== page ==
Did you know there are degrees of “interesting”? Sure, we’ve all met someone who is NOT interesting, but have you ever met anyone who is TOO interesting? If not, it is my honor to introduce myself to you: My name is Scott, and I am too interesting.
In a recent post on the Slaughter Development blog, Robby Slaughter tackled the brave new world of job-seeking and the unique issues facing anyone – old or young, experienced or inexperienced – who is applying for a job today:
I believe that the biggest challenge facing job seekers is not tweaking their application to match the position, but reinventing themselves to be as intriguing as possible according to the culture of their targeted employer. In broader terms: candidates must be tremendously interesting, but not too interesting.
Robby’s post opened the floodgates on a memory of when I moved back to Indianapolis years ago and networked my way into an interview for a job preparing proposals with a financial services firm. I researched the company and tailored my résumé to demonstrate accurately that I could do the job. I wrote a kick-ass cover letter, had two friends proofread everything, and showed up for the interview appropriately dressed.
It was all going well until the traditional question came: “Where do you see yourself in ten years?” I thought my answer was solid: “I’ll have developed and refined skills in sales and business management, and I hope to be running my own successful business catering to the very wealthy. An art gallery, perhaps, or a fundraising event services firm.” It was in line with what the position offered, skill-development-wise, and it indicated initiative, ambition, and an understanding of their client base. But at the end of our time together, the interviewer said, without a hint of irony or shame, “An art gallery? Really? We do spreadsheets. I think you’d be great at the job, but you’re just too interesting to work here.”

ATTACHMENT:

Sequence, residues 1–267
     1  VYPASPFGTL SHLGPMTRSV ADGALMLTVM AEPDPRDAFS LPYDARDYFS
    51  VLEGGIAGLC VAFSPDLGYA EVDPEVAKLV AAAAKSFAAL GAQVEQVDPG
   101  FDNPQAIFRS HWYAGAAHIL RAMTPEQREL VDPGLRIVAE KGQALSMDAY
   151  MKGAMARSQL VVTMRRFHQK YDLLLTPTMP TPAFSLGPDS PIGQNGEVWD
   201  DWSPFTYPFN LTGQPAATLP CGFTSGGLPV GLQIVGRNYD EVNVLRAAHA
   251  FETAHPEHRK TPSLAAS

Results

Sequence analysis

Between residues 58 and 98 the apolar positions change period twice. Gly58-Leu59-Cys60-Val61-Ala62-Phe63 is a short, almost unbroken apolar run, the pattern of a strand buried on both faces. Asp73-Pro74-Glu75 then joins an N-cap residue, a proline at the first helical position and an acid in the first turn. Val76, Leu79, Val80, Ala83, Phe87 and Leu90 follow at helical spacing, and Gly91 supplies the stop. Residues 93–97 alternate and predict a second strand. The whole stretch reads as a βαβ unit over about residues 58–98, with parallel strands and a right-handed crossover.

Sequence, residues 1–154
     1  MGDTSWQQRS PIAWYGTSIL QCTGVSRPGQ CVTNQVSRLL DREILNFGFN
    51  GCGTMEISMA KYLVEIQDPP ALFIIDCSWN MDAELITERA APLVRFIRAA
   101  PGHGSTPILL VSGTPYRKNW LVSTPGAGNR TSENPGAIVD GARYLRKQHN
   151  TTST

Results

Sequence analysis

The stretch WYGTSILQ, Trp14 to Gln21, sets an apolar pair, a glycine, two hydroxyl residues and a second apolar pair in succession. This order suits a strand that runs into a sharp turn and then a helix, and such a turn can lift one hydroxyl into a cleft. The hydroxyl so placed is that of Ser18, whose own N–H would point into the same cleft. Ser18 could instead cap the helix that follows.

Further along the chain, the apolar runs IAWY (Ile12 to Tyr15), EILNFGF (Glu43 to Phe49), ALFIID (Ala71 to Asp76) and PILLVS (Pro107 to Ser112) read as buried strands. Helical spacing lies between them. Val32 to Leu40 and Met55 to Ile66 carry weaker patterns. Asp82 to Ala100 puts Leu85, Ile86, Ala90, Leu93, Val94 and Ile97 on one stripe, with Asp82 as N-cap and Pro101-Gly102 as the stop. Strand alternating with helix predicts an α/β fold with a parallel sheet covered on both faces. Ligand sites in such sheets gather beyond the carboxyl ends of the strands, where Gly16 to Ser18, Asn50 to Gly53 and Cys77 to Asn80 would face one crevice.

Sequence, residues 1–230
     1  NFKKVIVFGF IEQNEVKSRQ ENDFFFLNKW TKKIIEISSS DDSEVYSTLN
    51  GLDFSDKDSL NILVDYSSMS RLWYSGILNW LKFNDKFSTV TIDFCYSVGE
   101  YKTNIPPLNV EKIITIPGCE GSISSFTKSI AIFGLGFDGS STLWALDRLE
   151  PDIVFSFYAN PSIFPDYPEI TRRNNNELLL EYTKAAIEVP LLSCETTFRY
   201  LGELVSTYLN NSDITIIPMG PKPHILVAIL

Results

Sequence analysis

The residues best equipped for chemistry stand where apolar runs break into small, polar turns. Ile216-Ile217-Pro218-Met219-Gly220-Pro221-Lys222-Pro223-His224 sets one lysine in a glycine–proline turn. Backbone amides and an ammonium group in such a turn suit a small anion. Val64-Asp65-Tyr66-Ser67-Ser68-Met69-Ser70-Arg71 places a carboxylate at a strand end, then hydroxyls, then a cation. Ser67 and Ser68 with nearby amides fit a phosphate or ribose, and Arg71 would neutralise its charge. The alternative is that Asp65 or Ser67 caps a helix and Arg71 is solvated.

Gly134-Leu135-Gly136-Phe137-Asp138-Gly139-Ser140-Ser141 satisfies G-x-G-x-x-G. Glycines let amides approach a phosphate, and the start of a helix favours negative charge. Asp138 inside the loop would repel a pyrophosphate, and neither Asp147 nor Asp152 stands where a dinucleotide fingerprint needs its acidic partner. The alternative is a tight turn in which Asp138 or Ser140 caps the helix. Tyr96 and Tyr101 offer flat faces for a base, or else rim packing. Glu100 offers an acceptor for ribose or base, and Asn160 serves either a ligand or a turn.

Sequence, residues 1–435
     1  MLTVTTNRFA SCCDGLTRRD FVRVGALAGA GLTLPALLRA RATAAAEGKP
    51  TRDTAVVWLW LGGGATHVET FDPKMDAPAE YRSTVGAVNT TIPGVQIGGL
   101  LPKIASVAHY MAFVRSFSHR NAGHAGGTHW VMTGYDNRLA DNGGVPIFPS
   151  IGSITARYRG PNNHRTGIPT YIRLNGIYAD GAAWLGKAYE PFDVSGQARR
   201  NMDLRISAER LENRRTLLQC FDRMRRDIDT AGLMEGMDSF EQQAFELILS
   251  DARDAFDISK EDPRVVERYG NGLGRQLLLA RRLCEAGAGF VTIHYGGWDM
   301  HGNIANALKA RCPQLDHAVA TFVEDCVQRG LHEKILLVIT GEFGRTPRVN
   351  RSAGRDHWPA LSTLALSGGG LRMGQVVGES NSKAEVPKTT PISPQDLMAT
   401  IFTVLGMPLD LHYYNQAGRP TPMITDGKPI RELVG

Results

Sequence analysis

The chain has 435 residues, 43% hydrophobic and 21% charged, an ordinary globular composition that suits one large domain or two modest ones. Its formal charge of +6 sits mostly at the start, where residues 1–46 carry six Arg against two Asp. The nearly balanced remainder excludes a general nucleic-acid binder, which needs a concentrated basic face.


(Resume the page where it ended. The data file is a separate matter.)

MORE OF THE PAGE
He was right on both counts. I would have done an excellent job in the position. And I was too interesting to work there. I was so eager to have an interview – really, eager to have a paycheck – that I’d overlooked the fact that I would be working with (boring, to me) financial advisors with whom I’d have had very little in common. It was the best thing in the world for that guy to tell me I was “too interesting” – and probably the best thing for his company, too.
I’m not sure if my perspective as a result of that experience is contrary to Robby’s advice about being interesting-but-not-too-interesting. Maybe it’s parallel?
Yes, we must manage our own personal brands, but we must also realize that a job search is about compromise (on both sides) and finding the right fit. If we’re willing to be more interesting or less interesting in the interview (or to get the interview), then we must be prepared for the consequences of that when we get the job. Conversely, if we’re willing to be ourselves completely and utterly, then we must be prepared for the consequences of that when it takes us two or three or four times as long to get the job.
What I’m saying is: Job-seekers, take heart. The right job at the right place with the right people is out there. Be who you are, manage your personal brand, and be mindful of the choices you make and their consequences.
And, for all our sakes, keep being interesting!